In a competitive tender, the evaluation panel needs to give your submission a score. What you will be evaluated on is the commercial value of your offer and the evidence you provide to support your claims – and not how nice your proposals look and sound.
For the last couple of weeks, I’ve been talking about how to sidestep common mistakes that will prevent you from winning the business you really deserve to win.
If you’ve taken these steps, but still aren’t winning, it’s time to make a bigger investment in your success. At this point, most people will bring in marketing experts to write standardised proposal copy and to design templates so that proposals look and sound better, and speak with a unified, on-brand voice.
Does this result in more wins? Unfortunately, no.
Scratch the surface of these “new and improved” proposals, and really they are just glorified brochures.
I understand why people feel the need to do this. Branding and marketing help to build a successful business that supports premium-priced services. However, branding isn’t a cure-all for everything, and bids and tender responses are not a marketing exercise.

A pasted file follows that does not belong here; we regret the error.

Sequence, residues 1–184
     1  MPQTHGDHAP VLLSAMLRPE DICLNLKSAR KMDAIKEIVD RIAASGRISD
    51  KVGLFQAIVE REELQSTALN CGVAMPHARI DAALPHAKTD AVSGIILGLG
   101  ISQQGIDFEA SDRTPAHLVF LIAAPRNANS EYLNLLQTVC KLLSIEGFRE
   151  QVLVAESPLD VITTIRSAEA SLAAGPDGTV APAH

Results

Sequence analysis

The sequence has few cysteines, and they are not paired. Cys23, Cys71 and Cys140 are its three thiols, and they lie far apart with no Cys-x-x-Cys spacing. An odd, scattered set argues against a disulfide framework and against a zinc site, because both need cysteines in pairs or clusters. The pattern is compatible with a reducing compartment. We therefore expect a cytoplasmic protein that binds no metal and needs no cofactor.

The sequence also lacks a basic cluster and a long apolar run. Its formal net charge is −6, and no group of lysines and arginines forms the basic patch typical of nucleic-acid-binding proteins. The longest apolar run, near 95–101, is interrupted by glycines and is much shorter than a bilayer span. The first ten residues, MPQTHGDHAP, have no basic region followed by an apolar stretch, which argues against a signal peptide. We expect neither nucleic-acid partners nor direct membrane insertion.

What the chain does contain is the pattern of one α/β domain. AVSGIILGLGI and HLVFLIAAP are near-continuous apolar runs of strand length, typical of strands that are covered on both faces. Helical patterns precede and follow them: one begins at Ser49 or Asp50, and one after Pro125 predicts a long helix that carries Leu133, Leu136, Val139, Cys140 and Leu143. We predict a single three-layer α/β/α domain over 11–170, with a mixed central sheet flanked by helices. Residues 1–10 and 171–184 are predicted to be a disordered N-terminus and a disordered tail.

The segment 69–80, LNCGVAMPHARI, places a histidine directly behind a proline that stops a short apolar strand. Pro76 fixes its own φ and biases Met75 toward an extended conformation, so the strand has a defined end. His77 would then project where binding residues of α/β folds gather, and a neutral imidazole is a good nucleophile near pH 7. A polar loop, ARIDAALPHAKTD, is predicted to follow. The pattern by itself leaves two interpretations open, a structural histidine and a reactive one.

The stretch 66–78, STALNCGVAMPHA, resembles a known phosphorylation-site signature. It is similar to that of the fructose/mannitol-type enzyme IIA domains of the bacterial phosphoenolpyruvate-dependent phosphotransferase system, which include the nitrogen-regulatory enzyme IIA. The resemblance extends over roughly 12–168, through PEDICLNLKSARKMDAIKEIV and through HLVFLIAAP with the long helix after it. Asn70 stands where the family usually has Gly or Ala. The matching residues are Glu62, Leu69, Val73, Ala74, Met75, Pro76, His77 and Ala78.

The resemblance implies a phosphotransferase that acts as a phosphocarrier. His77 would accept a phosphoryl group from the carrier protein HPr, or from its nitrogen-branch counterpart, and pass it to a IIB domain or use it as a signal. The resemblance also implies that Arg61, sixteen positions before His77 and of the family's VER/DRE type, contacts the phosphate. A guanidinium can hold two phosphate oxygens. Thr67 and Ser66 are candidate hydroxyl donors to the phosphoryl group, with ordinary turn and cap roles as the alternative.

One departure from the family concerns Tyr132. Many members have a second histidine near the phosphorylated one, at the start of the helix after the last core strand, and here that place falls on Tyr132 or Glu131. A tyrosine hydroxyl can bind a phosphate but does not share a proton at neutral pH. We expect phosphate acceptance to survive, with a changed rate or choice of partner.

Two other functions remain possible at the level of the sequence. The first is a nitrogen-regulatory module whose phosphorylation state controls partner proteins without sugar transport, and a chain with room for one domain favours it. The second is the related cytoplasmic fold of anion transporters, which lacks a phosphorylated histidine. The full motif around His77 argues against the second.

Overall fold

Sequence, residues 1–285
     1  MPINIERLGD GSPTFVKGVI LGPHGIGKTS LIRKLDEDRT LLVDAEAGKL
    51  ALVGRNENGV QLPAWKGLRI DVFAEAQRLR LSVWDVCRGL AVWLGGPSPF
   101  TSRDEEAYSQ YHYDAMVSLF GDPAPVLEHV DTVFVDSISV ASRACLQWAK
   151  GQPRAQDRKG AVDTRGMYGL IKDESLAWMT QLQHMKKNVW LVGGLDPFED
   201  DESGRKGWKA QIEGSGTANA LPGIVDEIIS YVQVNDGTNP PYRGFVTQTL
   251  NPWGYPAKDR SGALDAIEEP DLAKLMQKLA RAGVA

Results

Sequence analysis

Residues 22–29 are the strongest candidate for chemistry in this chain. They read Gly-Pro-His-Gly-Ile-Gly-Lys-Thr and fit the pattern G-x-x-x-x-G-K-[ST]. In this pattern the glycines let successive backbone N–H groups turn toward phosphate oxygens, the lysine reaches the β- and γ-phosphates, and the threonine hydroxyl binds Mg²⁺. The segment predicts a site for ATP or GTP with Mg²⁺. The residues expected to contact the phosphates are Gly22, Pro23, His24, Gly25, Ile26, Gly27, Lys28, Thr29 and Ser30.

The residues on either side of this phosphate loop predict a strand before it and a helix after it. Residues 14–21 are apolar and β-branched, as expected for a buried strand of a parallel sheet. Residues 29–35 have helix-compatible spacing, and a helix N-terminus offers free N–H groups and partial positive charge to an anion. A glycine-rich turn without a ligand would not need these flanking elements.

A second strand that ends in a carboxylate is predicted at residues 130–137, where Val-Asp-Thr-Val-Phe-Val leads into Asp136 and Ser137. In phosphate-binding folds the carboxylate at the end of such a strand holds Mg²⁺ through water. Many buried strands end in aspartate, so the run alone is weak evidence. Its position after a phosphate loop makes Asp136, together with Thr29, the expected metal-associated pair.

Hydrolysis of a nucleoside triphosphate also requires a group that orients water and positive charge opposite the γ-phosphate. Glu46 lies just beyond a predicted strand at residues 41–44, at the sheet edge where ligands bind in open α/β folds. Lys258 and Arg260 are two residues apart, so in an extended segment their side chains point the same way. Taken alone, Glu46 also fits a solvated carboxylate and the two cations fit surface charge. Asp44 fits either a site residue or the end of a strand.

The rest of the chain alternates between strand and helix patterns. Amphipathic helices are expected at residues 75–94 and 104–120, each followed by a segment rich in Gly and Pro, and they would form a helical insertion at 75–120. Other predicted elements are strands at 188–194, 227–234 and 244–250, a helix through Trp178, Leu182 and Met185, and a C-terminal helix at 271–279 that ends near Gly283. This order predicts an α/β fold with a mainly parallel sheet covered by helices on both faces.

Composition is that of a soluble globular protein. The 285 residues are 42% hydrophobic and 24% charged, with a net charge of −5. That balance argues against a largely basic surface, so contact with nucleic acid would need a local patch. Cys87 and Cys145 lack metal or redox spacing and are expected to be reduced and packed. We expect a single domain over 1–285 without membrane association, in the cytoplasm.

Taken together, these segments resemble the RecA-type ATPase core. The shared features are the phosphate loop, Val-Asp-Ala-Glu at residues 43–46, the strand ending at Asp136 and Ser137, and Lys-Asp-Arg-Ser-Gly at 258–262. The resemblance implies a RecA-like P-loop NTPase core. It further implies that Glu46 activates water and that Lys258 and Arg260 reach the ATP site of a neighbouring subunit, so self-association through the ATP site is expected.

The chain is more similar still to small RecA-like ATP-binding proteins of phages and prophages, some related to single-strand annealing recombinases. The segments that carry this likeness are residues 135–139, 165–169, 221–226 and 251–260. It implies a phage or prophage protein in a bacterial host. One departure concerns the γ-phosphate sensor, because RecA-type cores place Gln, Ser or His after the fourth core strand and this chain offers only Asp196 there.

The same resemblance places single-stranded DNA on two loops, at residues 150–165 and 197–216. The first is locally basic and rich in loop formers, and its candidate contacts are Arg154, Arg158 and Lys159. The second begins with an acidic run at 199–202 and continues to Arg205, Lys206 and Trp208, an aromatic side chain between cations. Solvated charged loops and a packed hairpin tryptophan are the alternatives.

A colleague who works on government evaluation panels once told me that her team of evaluators was briefed to be wary of over-elaborate design and copywriting, as these are devices that less qualified suppliers sometimes use as a way to try to bluff their way through the process. Ouch.
Remember that proposals are a one-on-one conversation with someone who is ready to buy. Worry less about the image your proposal is portraying, and more about how convincing the message actually is.
|Robyn Haydon is a business development consultant specialising in business won through formal bids, tenders and proposals. She is the author of two books on proposals and sales, including Winning Again: a retention game plan for your most important contracts and customers. Read more about it here.|